So here we were, beating one of my favorite cows who was biting off his own tongue, foaming at the mouth, locking his knees and occasionally falling down in front of the entire neighborhood who all came out to gawk like it was a parade of torture. The abusive part of this really was his own doing. If he had just picked up his feet! But/And THERE WAS NO WAY OUT.  We could not turn around.  We could not stop. We could not get him to step.  It was a nightmare.  Maria and I were in distress. Not only did we not have time for this, we felt trapped in this situation.  And so, to help ourselves, we began cracking jokes and laughing hysterically.  Which I'm sure did nothing to assuage the reservations of the neighborhood about what was going on.
Beignet lickng Yoda clean

To compound the distress, my cows stood at the corner of our property, watching the torture, and they cried.  I know they did. And for the next day, they moped around and sulked.  And now they are fine.  

But I had nightmares about it. 

But Beignet seems to be great and happy now.  I believe his tongue is okay.  I hope his feet don't hurt too much.

Yoda believed Beignet was his mother at first
But my desire to husband cattle is dented and bruised.  We have so few of them that they become more like pets and that makes the necessary business moves more painful.  It could really be true that cows work best as an economy of scale.  Both monetarily and emotionally. When you have even 50 cows, you are that much less attached to each one and their fate.  But is that better or worse?  Perhaps I simply feel uncomfortable with truths about what it means to live, that things must die, that you have to break a few eggs to make an omelet, and so I think it must be better to just not know the consequences of milk-production: that a cow must give birth every year to produce milk and that half of those calves are boys and that so long as dairy and meat cattle are such separate breeds then the dairy calf boy will be meatless and bony and must still be slaughtered, but for no useful purpose. It's easier for all of us to avoid those facts, let someone else deal with them.  But then we end up with inhumane farming practices which insist that employees become calloused and shut down that part of themselves that would have cared, as they deal with animals like they're resources, tools, just a pile of work.  Ah, survival, such a tricky, heartbreaking, and exhilarating privilege.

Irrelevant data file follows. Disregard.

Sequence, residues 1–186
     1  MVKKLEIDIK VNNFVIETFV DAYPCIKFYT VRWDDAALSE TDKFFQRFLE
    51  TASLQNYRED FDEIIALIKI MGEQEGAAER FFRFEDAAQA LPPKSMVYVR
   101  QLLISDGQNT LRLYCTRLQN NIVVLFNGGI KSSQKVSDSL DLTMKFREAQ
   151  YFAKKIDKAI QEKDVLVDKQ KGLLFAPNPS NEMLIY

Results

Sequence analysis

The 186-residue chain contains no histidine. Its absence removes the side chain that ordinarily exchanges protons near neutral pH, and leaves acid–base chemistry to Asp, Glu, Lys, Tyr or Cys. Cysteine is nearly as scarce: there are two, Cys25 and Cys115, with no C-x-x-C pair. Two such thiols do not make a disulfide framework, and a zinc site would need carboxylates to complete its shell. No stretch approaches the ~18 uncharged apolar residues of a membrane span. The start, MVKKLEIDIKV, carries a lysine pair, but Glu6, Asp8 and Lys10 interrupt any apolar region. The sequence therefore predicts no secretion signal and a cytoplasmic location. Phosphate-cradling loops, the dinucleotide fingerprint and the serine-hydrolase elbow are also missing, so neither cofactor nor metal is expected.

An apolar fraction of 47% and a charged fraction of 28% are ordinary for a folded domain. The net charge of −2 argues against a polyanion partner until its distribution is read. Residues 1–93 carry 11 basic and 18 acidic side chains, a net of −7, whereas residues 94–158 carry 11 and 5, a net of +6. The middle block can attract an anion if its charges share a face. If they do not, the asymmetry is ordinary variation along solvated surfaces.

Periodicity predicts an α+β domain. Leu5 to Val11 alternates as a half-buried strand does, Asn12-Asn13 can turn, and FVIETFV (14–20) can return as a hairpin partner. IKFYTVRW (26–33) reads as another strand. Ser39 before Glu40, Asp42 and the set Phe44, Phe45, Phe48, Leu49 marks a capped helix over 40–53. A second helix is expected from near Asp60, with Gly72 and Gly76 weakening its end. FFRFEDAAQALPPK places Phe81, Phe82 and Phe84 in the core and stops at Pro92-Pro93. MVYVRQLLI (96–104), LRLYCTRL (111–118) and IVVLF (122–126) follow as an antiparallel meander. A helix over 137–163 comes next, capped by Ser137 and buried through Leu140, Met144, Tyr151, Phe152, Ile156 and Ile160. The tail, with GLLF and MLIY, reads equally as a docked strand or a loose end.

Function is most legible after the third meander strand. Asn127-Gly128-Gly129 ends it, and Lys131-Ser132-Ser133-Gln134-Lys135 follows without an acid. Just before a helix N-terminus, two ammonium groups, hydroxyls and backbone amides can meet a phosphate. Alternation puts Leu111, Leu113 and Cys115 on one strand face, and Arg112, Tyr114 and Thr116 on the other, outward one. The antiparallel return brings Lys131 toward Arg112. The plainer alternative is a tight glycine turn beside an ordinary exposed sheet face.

Please enjoy the photos as we say farewell to two pillars of the community here on Lucky Farm.

1 comment:

  1. Sarajoy, I love your blog. I read it every time you post something new. I used to spend summers on my uncle's dairy farm in Chino, California and have such fond memories of feeding and milking. Your blog renewed my sense of absolute and complete bewilderment that cows have managed to keep from going extinct.